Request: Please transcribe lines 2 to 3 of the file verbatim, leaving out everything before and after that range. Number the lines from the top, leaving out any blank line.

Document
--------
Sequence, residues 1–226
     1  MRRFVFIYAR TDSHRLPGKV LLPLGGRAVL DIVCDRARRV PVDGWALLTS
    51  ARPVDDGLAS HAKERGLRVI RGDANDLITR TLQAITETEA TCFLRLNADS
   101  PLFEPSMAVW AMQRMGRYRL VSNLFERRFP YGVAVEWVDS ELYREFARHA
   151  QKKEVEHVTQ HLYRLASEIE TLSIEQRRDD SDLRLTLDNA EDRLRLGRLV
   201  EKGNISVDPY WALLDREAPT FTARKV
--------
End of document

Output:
     1  MRRFVFIYAR TDSHRLPGKV LLPLGGRAVL DIVCDRARRV PVDGWALLTS
    51  ARPVDDGLAS HAKERGLRVI RGDANDLITR TLQAITETEA TCFLRLNADS